Expert Panel Question???
“There are many training schedules for a marathon but there doesn’t seem to be anything tailored for an older runner. I’m 59 and would like something geared more to me. I just can’t run fast.”
(ask your questions to the UtahRunning.com Experts here)
Response from Paul Pilkington:
I would follow one of the marathon training programs, but would make some adjustment on the recovery days between hard workouts. As older runners we tend to need more recovery. Once we get over 40 years old we start to lose muscle. Training helps to offset the loss, but an untrained over 40 year old will lose around a pound of muscle a year. As a result, instead of 1 easy day between quality workouts you might need 2 or 3 days. You’ll still run on those recovery days, but don’t be afraid to slow down and listen to your body. If the schedule says go hard on Tuesday and Thursday you might want to experiment with Monday and Thursday to get an extra day of recovery.
Response from Janae Richardson:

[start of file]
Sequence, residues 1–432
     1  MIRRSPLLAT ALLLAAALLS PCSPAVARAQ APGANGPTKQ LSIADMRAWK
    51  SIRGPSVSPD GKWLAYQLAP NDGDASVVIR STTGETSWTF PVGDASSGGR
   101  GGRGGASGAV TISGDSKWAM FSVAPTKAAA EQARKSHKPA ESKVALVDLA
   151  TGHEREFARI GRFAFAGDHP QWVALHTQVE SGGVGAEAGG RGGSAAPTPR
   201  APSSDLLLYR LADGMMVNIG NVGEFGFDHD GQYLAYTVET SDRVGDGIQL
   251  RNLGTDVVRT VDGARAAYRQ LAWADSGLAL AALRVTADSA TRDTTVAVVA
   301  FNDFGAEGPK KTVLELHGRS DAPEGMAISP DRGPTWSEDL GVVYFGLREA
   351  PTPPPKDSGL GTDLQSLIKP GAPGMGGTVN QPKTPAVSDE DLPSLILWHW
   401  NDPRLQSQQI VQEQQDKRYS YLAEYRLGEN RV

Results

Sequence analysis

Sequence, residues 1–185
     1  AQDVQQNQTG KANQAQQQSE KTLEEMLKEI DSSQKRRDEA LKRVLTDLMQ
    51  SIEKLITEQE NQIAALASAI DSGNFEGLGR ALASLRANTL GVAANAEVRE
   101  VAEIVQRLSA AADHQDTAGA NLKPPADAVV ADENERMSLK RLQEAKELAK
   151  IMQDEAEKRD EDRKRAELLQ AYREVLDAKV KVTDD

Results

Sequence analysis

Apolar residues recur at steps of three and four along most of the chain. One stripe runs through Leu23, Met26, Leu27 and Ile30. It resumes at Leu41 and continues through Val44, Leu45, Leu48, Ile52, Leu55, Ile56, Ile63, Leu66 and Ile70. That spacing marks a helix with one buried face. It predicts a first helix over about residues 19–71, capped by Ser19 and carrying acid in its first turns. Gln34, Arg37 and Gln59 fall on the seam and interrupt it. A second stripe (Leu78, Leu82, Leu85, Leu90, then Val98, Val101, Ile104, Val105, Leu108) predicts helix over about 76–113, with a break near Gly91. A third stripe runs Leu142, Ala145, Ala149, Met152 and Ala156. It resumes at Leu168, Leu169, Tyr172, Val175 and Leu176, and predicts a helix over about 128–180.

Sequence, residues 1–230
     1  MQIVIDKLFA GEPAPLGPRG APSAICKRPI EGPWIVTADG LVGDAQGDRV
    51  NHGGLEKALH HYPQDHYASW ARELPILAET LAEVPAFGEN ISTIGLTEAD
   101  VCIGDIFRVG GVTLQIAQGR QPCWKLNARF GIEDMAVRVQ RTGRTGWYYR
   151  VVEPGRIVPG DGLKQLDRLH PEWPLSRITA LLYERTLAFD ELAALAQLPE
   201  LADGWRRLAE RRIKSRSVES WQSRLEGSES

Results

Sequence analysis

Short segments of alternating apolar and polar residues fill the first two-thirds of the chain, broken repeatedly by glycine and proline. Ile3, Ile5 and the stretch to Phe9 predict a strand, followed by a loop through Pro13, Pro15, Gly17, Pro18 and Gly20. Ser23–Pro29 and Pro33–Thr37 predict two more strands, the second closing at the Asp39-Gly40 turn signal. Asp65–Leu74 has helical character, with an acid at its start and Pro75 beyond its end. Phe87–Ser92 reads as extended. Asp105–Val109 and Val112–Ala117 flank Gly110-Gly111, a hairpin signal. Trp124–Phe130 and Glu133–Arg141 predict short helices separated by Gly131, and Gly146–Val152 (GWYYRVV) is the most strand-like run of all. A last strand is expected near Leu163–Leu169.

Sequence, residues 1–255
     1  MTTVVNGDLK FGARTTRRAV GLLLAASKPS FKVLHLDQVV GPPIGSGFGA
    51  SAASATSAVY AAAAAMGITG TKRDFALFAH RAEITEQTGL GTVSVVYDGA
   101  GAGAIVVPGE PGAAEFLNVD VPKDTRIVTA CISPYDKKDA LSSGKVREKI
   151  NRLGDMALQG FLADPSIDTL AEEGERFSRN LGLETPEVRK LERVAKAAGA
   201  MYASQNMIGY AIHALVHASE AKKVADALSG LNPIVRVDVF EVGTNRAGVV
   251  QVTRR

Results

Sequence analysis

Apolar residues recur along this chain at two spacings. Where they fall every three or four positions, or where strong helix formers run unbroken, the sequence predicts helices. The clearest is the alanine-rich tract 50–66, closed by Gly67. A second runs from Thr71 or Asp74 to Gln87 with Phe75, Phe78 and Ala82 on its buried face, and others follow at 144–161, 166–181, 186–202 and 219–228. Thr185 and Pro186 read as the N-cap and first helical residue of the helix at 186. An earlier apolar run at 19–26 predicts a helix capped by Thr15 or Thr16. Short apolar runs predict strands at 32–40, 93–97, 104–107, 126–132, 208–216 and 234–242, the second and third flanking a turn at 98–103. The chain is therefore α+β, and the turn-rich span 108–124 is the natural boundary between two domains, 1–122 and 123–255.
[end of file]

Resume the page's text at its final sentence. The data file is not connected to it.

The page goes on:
I recently read an interesting article in the November 2009 issue of Running Times* called “The Science of Aging”. It talked about four changes that take place in our bodies as we age and how we can best deal with them. The first change is a decrease in VO2 max (the maximum amount of oxygen our body uses). To slow the rate of VO2 max decrease, many experts suggest training consistently (moderate paced runs and speed work) and racing frequently. It’s a good idea to race a 5K or 8K every three to six weeks. The second change that comes with age is a decrease in flexibility. A decrease in flexibility can cause a loss in range of motion, which affects how smooth and efficient you are while running. The solution is stretching, using a foam roller 4-5 days a week to help retain or restore flexibility, and a massage every week or two. The third change that takes place (as Paul Pilkington mentioned in his response above) is a decline in muscle power. However, vigorous weight-training can help offset this decrease in muscle mass. Two to three days a week of some type of weight training is the key along with staying consistent with your running. The fourth change is a decrease in recovery and healing rates. You should still do the same type of workouts that younger runners do, but you may need to alter your schedule to allow yourself enough recovery time (Again, refer to Paul Pilkington’s response).
* Resource: Lovett, Richard A. “The Science of Aging: Why your body slows and what you can do about it” Running Times November 2009: pg. 62-66